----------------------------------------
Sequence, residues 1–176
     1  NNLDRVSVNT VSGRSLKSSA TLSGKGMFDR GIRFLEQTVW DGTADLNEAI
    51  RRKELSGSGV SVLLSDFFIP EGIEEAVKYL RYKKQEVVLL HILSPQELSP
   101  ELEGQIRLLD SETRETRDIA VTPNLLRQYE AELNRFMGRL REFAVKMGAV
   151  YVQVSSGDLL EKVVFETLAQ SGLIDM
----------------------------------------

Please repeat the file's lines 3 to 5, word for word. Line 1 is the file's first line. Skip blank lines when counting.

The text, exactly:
    51  RRKELSGSGV SVLLSDFFIP EGIEEAVKYL RYKKQEVVLL HILSPQELSP
   101  ELEGQIRLLD SETRETRDIA VTPNLLRQYE AELNRFMGRL REFAVKMGAV
   151  YVQVSSGDLL EKVVFETLAQ SGLIDM